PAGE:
Nothing triggers homicidal thoughts like going through a divorce. I’m not going to sugar coat it. Breaking up, separation and divorce hurt like hell. There are few events in life that are more painful and traumatic, not to mention draining, than when one becomes two again.
The idea that two people meet, fall in love, and live happily ever after is one of the biggest myths ever believed. The reality is two people meet, fall in love, move in together, and then do just about everything they can to weaken and destroy their love for each other. We think that if we are really in love, everything will work in the end.
The sad fact is: you have a better chance of surviving cancer than making a relationship last "until death do you part". Unfortunately, while there seems to be tons of information on how to make a relationship work, there seems to be a lot less advice on how to get through a divorce, with your sanity intact.
Here are my best tips to help get through what may be one of the greatest emotional challenges of your life:
1. Process your pain (while sober…)
I know, I know. This is the last thing you want to do. You would rather drown your sorrows in a bucket of wine while stuffing your face with crap food, and binge watch Netflix. You need to mourn the life you thought you were going to have, so you can move on, and create the life you were meant to have.
Unfortunately, the only way out is through. The more you try to numb it, stuff it down, or screw someone else to make it go away, the more it festers deep down inside like an infection. I believe that divorce can be one of the greatest opportunities for growth to identify what is stunting you and holding you back.
If you are struggling to move on, you may be also unconsciously mourning a loss or trauma from your past. If you are hysterical, it’s probably historical. Did a loved one leave you as a child or young adult? Answer this question:
I have felt this way before, when____________________________________________?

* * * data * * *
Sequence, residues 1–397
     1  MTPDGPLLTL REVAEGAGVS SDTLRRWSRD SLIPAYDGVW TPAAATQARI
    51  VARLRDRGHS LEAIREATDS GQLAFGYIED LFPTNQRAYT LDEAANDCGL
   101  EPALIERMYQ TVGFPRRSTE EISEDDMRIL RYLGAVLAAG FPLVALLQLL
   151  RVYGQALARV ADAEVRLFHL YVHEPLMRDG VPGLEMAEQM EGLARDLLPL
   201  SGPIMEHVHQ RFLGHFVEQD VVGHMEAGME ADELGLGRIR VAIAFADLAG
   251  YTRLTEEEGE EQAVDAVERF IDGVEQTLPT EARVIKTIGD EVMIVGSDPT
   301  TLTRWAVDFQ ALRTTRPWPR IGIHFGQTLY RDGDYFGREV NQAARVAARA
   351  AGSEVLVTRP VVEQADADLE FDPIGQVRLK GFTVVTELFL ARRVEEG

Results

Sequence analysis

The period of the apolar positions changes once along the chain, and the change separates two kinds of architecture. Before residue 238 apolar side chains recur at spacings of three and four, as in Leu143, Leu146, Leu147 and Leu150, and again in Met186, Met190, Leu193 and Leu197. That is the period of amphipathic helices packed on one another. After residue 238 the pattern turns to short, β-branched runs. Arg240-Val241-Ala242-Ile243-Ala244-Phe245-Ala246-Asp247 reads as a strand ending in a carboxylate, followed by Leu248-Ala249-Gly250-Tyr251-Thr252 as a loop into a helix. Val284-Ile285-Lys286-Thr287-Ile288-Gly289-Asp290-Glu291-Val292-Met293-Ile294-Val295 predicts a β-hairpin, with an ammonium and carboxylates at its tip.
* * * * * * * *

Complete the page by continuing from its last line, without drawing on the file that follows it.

When someone abandons us or betrays us when we are young, we don’t have the maturity to make logical sense of it. We blame ourselves, and in order to make meaning of our traumas, we create negative beliefs that can hold us back when we get older. Beliefs like “I’m not good enough,” or “people will always abandon me,” or “I am unlovable,” can cause us to overcompensate, be insecure, fake, or passive-aggressive in relationships.
When someone breaks up with us, it confirms our biggest fears, and we re-experience the pain of the trauma that caused the harmful beliefs in the first place. Know that some of the pain you are feeling is also unprocessed pain from the past. I highly recommend finding a good therapist who is experienced in helping people get over a break-up, even if for only a couple of sessions. Investing in your mental health is well worth the cost.
2. Get a good lawyer (and possibly an accountant) if you have assets to split
It’s important to know you rights and have someone to go to bat for you. Ask around for referrals and know that money spent on a good lawyer will pay off in the end. It makes a huge difference to feel like you have people, who have your back, and are on your team.
In saying that, no one knows your case like you do. Do your research and go over all documents and take notes. Don’t ever assume your lawyer will pick up on every detail and know how to defend you on certain topics. Make sure you write down and address every point that is brought up by your ex in any legal documents so your lawyer knows the whole story.
3. Stop fighting with your ex